Anyone reading your company’s website, blog, newsletters, social media posts, or looking up documentation in user manuals, FAQs, etc. expects the content to show great expertise and knowledge of the business.
While you may not be required to write content for some or all of your company’s content-related areas, as a content manager, you will be expected to be sufficiently knowledgeable about your company and its business, products, services, etc. to discern whether or not the content is delivering on its intended purpose.
So, it goes without saying that as a content manager, you should strive to gain as much knowledge and expertise as possible of your company’s products and services and the needs of its target audience groups, in addition to understanding and being familiar with concepts related to its technical, legal, financial, or sales and marketing areas.
This can be challenging if, for example, you work in a highly technical company and are responsible for producing and managing content targeted to a highly technical audience.
This is where the next skill comes in…
Be Resourceful And Self-Sufficient
Suppose that your company publishes content targeted to a highly technical or specialized audience (or even translated into one or more foreign languages).
While as a content manager you are not expected to have the kind of technical knowledge that requires years of specialized study and experience to develop, you are responsible for making sure that the content not only targets the interests and needs of the audience, but is also accurate, relevant, and fulfills its intended purpose.
In addition to all the skills we’ve covered so far, this requires being resourceful and self-sufficient.
Let’s show you what this means:
Let’s say that you are publishing an article about a highly technical product that includes tables with code, programming data, specifications, equations, formulas, etc. You need to make sure that everything in the article is accurate, but you are not a technical expert, so you have no idea. The head of your company’s product development team, however, is completely knowledgeable about it, as they were responsible for developing it, so they can help you.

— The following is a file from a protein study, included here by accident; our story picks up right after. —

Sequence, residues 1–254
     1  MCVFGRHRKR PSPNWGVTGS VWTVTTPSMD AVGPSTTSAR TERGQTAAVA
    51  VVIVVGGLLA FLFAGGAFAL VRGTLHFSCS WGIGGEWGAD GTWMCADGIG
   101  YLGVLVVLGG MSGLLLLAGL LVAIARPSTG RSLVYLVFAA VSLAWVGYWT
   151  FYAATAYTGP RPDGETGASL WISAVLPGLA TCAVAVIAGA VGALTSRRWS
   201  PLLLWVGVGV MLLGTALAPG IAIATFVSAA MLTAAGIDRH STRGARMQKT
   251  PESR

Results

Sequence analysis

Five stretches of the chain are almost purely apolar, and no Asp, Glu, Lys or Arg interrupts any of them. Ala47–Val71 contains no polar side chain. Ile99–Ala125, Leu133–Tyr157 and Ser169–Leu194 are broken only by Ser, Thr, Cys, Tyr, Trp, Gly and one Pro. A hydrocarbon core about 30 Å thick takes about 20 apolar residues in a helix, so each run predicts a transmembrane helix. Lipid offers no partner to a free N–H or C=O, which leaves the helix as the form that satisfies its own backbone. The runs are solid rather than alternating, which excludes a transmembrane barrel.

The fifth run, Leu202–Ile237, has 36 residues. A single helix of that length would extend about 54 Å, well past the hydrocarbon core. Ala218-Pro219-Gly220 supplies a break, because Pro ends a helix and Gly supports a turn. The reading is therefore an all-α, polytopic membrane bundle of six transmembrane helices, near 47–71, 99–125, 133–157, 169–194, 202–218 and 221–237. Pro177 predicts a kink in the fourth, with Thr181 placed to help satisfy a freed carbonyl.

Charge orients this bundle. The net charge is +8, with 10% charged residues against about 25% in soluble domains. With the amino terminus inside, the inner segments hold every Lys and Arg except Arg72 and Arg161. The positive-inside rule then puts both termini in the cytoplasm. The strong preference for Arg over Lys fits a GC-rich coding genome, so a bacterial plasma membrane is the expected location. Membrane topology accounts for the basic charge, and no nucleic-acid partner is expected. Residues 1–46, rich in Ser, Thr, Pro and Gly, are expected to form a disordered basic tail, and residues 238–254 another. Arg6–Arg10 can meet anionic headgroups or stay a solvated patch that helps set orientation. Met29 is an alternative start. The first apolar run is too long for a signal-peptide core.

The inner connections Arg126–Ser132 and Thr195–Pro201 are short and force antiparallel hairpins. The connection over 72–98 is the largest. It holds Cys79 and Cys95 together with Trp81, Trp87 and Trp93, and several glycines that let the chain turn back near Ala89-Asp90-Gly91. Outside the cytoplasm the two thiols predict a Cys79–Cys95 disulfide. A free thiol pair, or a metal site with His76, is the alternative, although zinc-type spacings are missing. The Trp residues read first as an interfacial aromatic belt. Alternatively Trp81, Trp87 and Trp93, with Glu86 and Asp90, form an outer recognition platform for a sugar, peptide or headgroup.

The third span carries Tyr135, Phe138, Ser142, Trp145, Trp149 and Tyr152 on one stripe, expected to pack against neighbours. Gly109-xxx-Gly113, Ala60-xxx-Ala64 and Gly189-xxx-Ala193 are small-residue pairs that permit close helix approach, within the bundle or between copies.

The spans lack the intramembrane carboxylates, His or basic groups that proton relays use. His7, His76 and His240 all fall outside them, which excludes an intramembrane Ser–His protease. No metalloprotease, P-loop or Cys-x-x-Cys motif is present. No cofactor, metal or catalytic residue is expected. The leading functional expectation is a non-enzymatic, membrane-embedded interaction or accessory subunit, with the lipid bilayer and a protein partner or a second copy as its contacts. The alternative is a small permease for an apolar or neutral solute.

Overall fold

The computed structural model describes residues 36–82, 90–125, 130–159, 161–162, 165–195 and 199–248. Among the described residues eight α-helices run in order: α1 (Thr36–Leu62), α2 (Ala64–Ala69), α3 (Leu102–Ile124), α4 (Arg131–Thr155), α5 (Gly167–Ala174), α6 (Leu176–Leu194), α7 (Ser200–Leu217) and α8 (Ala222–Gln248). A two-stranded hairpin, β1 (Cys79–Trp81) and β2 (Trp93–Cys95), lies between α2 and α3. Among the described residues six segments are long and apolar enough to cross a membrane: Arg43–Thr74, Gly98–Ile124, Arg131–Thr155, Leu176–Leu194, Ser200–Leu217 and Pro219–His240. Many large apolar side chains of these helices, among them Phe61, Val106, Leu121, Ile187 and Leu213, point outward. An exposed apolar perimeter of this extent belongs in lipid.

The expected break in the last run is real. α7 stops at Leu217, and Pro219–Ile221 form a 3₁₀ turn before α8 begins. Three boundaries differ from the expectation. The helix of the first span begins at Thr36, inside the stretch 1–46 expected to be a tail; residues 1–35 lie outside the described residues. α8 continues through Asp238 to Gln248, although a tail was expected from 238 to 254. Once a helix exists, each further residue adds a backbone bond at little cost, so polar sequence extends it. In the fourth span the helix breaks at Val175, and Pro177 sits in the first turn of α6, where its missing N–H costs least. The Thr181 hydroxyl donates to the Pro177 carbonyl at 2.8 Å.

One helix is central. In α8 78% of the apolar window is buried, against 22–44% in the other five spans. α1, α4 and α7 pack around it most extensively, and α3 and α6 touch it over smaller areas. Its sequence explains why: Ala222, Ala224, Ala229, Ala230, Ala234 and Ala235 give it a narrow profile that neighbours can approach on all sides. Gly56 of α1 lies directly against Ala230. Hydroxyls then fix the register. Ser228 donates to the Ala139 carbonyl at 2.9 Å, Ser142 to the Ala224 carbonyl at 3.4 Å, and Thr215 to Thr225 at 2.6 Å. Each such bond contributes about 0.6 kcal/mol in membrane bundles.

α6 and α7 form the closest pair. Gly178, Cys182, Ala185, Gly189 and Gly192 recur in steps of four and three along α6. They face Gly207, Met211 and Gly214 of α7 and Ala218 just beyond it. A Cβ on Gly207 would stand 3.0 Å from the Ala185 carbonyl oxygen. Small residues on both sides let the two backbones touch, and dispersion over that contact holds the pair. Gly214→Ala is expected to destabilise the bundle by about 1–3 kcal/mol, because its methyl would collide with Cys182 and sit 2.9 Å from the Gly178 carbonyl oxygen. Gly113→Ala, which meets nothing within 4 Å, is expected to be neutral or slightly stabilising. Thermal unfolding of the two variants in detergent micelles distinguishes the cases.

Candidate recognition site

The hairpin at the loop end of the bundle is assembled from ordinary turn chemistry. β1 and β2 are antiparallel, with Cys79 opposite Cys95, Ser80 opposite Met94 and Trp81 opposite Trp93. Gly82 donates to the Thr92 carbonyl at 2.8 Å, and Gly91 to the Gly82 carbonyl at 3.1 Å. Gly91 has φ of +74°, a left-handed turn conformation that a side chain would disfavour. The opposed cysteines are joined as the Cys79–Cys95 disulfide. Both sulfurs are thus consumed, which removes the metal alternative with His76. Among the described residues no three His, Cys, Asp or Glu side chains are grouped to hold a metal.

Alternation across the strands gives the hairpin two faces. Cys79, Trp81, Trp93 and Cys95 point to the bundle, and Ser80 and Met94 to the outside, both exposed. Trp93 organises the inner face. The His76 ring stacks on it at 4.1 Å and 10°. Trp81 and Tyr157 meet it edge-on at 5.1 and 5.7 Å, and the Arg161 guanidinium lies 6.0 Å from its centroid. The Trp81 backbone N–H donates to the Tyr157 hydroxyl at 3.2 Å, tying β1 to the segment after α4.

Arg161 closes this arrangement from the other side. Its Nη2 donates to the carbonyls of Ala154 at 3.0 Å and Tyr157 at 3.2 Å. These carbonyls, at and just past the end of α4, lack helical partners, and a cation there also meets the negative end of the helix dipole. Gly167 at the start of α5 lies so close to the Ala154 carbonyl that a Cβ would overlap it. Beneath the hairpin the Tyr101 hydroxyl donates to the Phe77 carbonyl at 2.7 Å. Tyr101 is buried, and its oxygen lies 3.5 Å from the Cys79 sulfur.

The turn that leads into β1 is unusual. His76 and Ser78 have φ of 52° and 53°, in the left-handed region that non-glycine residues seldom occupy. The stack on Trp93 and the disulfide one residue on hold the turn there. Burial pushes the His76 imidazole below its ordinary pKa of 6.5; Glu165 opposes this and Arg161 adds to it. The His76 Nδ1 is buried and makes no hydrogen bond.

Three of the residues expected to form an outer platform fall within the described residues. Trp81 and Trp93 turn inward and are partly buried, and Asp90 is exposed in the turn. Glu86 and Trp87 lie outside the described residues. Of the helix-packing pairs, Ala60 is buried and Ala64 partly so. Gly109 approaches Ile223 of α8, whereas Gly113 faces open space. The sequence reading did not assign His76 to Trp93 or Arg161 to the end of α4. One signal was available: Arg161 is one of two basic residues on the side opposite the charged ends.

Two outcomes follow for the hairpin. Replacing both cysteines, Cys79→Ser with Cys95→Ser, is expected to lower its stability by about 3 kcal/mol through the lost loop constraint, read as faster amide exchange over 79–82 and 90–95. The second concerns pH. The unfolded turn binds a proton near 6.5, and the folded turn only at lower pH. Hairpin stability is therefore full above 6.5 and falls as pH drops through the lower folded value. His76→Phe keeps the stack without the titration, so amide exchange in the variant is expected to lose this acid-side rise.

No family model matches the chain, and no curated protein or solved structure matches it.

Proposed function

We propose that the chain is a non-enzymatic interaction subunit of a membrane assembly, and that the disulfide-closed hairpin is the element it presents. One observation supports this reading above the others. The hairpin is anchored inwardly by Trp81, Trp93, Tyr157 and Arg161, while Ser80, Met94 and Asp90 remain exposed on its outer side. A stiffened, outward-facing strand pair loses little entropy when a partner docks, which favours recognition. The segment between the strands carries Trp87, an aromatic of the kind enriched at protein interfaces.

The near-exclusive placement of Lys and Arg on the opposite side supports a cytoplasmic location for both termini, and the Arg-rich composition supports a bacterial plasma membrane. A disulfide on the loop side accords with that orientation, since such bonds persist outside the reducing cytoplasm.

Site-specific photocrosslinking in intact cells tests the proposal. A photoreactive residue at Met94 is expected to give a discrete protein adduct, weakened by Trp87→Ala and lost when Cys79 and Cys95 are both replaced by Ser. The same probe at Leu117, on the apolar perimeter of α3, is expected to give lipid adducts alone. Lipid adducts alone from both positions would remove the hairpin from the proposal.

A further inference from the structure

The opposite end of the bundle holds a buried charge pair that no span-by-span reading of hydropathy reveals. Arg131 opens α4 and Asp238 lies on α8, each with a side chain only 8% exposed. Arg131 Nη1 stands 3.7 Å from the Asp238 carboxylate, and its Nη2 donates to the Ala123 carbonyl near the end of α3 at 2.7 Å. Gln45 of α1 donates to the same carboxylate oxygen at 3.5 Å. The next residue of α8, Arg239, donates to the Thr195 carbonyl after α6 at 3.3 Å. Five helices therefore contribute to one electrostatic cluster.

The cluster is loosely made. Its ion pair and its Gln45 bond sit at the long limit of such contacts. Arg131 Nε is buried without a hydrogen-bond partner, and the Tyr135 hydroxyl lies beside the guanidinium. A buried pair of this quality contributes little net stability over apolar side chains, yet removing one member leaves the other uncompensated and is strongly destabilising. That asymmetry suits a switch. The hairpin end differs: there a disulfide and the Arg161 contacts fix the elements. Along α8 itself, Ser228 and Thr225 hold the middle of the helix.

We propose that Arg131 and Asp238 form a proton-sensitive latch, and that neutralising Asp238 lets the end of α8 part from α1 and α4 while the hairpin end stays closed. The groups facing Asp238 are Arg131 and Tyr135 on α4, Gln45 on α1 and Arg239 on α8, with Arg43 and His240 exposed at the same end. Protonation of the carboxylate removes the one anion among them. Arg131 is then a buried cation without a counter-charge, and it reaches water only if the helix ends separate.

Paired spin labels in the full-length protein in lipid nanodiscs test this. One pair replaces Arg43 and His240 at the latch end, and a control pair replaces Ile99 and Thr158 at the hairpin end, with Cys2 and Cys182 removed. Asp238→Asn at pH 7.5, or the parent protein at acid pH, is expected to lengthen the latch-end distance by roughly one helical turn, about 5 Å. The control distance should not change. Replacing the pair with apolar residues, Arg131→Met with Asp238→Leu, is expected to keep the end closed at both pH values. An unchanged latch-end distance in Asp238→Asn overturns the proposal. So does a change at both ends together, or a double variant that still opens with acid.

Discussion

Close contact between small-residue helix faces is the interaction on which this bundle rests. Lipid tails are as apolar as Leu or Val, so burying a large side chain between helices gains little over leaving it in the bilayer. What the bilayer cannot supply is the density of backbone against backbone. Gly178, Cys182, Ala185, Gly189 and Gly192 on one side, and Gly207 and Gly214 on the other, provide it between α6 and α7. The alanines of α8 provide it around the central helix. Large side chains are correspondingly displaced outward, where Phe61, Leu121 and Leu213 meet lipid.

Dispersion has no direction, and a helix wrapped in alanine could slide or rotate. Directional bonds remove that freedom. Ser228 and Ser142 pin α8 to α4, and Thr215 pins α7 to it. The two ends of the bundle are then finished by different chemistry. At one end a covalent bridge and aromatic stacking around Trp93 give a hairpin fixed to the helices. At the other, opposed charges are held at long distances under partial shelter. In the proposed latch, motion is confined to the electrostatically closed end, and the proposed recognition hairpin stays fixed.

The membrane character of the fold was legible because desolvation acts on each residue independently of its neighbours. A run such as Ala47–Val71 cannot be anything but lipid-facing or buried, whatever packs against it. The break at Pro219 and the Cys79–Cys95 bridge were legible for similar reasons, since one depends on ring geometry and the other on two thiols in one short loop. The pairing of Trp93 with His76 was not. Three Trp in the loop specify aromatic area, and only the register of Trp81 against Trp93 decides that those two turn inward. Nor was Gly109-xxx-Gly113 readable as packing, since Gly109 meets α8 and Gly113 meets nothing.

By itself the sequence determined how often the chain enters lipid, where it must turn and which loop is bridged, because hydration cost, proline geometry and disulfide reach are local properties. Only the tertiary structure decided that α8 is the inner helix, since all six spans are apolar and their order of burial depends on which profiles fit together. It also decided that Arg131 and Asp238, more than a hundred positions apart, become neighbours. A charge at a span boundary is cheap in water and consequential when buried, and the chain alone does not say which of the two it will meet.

Now, before you approach them for help, understand that everyone in your company is as busy as you are and don’t want to be disrupted unnecessarily or distracted from whatever they are doing. If they sense that you are being lazy and simply asking them to do your job, they may graciously help you once and then make themselves scarce or unavailable the next time you come knocking on their door asking for help.
So, before approaching or consulting anyone who can help you, make sure that you have done as much research as you can to try and solve the problem on your own. This way, when you approach other people for help, you can explain why this is important for the company and show them that you have sincerely gone as far as you can with it and that what you need help with is beyond your capabilities. Most people you approach this way will be more than willing to invest their time and effort into helping you.
Be Open To New Challenges And Willing To Learn New Things
Management is all about problem-solving. As a content manager, you will face all kinds of challenges throughout your day and be required to solve problems related to people, resources, time, objectives, etc. (e.g. who will do what, with how much, by when, how will it be tracked, measured, reported, improved upon, and so on).
Being open to new challenges and willing to learn new things will help you immensely in this area, as most of your learning and experience will come from working “hands-on” to pressing time frames and tight deadlines, with limited resources and often with very few people available to help you.
Now that we have covered the main general skills you’ll need as a content manager, let’s look at some more specific skills.
Specific Skills Of A Content Manager
Having skills in the areas below will help you perform successfully in the role of a content manager:
Content managers are more than brand advocates, they are brand evangelists.
Having strong writing skills and creativity is a must. Depending on the type of company you work with, this includes being able to write content for blogs, web pages, product descriptions, technical articles, sales and landing pages, news articles and press releases, email newsletters, editorials, tutorials, user guides, etc.
Additionally, you will need good copywriting and text and image editing skills, as you will most likely be assisting in areas like creating marketing content and editing the work of others.
On top of all this, you should have a general understanding of SEO, as most businesses will want to reach new audiences using organic search.
You can’t manage what you can’t measure and you can’t improve what you’ve measured if you don’t understand the data.
If you don’t understand the data, you also can’t analyze the results to see how well your content is performing and if it is connecting meaningfully with your audience.